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Object common:Generic common:Formula
class
Formula base class.
This is a generic formula class. Its purpose is to take an arbitrary initial point and produce a sequence of points of indeterminate length. This roughly corresponds to UF's native fractal formula type. The advantage to writing a fractal formula as a class is that it can then be used in many other places. Formula classes also support the notion of "bailed out", as a way of indicating when the sequence of values is finished.
If you are migrating an existing fractal formula to a Formuladerived class, the process is fairly straightforward. Any variables you set in your global: section that are used elsewhere in your formula should be declared in your protected: section. Move the code from your global: section into the constructor. Move the code from your init: section into the Init() function. Move the code from your loop: section into the Iterate() function. Move the code from your bailout: test into the IsBailedOut() function (but be sure it returns the logically opposite value; see the explanation on IsBailedOut()).
If you have complicated bailout testing, you may instead put that code into your Iterate() function and save the result in the m_BailedOut variable and omit implementing IsBailedOut(). If you do this, remember to set m_BailedOut to false in your Init() function, as the base class implementation sets it to true to end iterating right away.
Note that if you are creating a formula whose outside points
escape towards infinity, you should derive from DivergentFormula
as it will automatically include a bailout parameter and make
that accessible to other objects. Similarly, if your formula
is convergent, you should derive from ConvergentFormula. If
your formula has both kinds of outside points, derive from
ConvergentDivergentFormula. Otherwise, you will have to write
your bailout test yourself.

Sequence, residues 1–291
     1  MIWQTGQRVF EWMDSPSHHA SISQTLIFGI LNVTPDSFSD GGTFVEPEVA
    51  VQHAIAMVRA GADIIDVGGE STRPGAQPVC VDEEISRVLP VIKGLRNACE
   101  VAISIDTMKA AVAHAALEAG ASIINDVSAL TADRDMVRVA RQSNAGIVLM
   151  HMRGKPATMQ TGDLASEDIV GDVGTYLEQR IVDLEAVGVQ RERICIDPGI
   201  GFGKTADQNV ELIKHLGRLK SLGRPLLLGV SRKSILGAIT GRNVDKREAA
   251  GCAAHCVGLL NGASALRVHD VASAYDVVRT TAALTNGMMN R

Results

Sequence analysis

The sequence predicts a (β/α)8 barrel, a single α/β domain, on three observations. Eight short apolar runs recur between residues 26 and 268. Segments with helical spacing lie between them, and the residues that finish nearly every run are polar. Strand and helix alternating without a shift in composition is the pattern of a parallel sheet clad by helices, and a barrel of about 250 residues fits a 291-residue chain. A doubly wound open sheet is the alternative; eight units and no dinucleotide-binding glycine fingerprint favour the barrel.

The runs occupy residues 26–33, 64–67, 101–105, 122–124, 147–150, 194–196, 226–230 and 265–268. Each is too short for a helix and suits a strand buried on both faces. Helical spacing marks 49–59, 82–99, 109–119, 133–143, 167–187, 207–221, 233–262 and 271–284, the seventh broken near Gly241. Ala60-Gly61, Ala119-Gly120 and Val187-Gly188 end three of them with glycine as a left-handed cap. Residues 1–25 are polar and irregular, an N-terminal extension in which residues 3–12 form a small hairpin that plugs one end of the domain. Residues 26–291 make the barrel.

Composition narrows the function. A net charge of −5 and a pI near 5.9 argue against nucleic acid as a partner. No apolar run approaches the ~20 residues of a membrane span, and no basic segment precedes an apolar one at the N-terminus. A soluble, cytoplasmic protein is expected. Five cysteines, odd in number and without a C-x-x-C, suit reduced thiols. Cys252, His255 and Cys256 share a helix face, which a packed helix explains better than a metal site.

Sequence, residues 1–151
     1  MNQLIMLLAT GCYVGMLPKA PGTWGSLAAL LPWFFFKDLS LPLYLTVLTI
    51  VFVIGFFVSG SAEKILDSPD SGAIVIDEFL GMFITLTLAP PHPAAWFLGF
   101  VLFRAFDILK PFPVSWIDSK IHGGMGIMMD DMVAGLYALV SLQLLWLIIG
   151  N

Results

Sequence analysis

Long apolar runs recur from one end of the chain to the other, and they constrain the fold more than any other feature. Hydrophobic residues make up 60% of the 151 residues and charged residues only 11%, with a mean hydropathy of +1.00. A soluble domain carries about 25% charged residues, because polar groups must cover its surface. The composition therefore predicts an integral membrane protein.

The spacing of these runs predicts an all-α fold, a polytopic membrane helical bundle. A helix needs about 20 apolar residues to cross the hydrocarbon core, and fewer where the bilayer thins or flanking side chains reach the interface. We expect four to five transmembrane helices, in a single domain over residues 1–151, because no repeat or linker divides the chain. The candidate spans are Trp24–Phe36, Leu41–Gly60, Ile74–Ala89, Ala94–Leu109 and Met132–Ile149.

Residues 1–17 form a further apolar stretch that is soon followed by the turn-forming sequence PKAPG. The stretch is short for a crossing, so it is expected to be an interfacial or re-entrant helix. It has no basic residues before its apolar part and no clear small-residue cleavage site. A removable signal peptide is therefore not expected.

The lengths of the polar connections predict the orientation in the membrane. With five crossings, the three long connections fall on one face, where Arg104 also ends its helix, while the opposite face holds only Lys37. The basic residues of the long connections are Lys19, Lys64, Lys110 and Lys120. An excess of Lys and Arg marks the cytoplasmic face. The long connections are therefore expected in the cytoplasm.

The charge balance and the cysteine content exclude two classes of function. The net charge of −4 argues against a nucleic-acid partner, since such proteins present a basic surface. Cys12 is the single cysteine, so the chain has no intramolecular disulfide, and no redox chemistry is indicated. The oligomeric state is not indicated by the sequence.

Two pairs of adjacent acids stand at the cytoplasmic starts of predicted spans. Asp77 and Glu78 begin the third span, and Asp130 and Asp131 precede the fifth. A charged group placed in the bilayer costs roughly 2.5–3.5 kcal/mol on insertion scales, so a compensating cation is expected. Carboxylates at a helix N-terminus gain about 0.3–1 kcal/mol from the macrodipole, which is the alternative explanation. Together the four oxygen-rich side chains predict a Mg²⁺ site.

class Formula(Generic) { ; Formula base class. ; <p> ; This is a generic formula class. Its purpose is to take ; an arbitrary initial point and produce a sequence of ; points of indeterminate length. This roughly corresponds ; to UF's native fractal formula type. The advantage to ; writing a fractal formula as a class is that it can then ; be used in many other places. Formula classes also ; support the notion of "bailed out", as a way of indicating ; when the sequence of values is finished. ; <p> ; If you are migrating an existing fractal formula to a ; Formuladerived class, the process is fairly straightforward. ; Any variables you set in your global: section that are used ; elsewhere in your formula should be declared in your protected: ; section. Move the code from your global: section into the ; constructor. Move the code from your init: section into the ; Init() function. Move the code from your loop: section into the ; Iterate() function. Move the code from your bailout: test into ; the IsBailedOut() function (but be sure it returns the logically ; opposite value; see the explanation on IsBailedOut()). ; <p> ; If you have complicated bailout testing, you may instead put ; that code into your Iterate() function and save the result in ; the m_BailedOut variable and omit implementing IsBailedOut(). ; If you do this, remember to set m_BailedOut to false in your ; Init() function, as the base class implementation sets it to ; true to end iterating right away. ; <p> ; Note that if you are creating a formula whose outside points ; escape towards infinity, you should derive from DivergentFormula ; as it will automatically include a bailout parameter and make ; that accessible to other objects. Similarly, if your formula ; is convergent, you should derive from ConvergentFormula. If ; your formula has both kinds of outside points, derive from ; ConvergentDivergentFormula. Otherwise, you will have to write ; your bailout test yourself. public: ; Constructor ; ; @param pparent a reference to the object creating the new object; typically, 'this' func Formula(Generic pparent) Generic.Generic(pparent) endfunc ; Set up for a sequence of values ; <p> ; This function will be called at the beginning of each ; sequence of values (e.g. at the beginning of each fractal ; orbit). ; ; @param pz seed value for the sequence; for a normal fractal formula, this will be #pixel ; @return first value in the sequence; this corresponds to #z in a fractal formula complex func Init(complex pz) ; Base class implementation flags the sequence to end ; immediately. As long as you provide your own implementation ; of IsBailedOut(), this is irrelevant. We also clear the ; iteration counter. m_Iterations = 0 m_BailedOut = true return pz endfunc ; Produce the next value in the sequence ; <p> ; As long as the sequence has not bailed out, this function ; will be continually called to produce sequence values. ; ; @param pz previous value in the sequence; corresponds to #z in a fractal formula. Note that you should always use this value for computing the next iteration, rather than a saved value, as the calling code may modify the returned value before passing it back to the next Iterate() call. ; @return the next value in the sequence complex func Iterate(complex pz) ; Base class implentation automatically updates the ; iteration counter and returns an unmodified pz ; (that is, the default sequence is the same value ; repeated infinitely). m_Iterations = m_Iterations + 1 return pz endfunc ; Test whether the formula has bailed out (i.e. the sequence is complete) ; <p> ; This is typically called once per iteration to test whether ; the sequence has completed. If producing this result is ; difficult to do separately from the Iterate() processing, ; you should produce the result in Iterate() and set the ; m_BailedOut flag appropriately, and leave IsBailedOut() ; unimplemented in your class to inherit this behavior. ; <p> ; Note that this test is the OPPOSITE sense of the bailout: ; section in UF's fractal formulas. A bailout: section ; returns TRUE to continue iterating. IsBailedOut() must ; return FALSE to continue iterating. ; ; @param pz last sequence value to test; this should be the value returned from the previous Iterate() call. Note that it is acceptable to ignore pz and use m_BailedOut, but any code calling IsBailedOut() should pass in the correct pz for Formula classes which do not use m_BailedOut. ; @return true if the sequence has bailed out (i.e. should be terminated) bool func IsBailedOut(complex pz) return m_BailedOut endfunc ; Determine the primary exponent. ; <p> ; Many fractals can be characterized by an exponent value that ; is useful to other formulas, so we provide that here. If ; your formula does not need or use this value, override the ; p_power parameter and make it hidden. ; ; @return the primary exponent parameter complex func GetPrimaryExponent() return @p_power endfunc ; Determine the upper bailout boundary. ; <p> ; By default, we return a simple fixed value. Divergent ; formulas will override this function and return the ; real parameter. ; ; @return the upper bailout parameter float func GetUpperBailout() return 256 endfunc ; Determine the lower bailout boundary. ; <p> ; By default, we return a simple fixed value. Convergent ; formulas will override this function and return the ; real parameter. ; ; @return the lower bailout parameter float func GetLowerBailout() return 0 endfunc protected: int m_Iterations ; count the number of iterations bool m_BailedOut ; flag indicating whether sequence has bailed out or not default: int param v_formula caption = "Version (Formula)" default = 100 hint = "This version parameter is used to detect when a change has been made to the formula that is incompatible with the previous version. When that happens, this field will reflect the old version number to alert you to the fact that an alternate rendering is being used." visible = @v_formula < 100 endparam complex param p_power caption = "Exponent" default = (2,0) hint = "Defines the primary exponent for the fractal." endparam }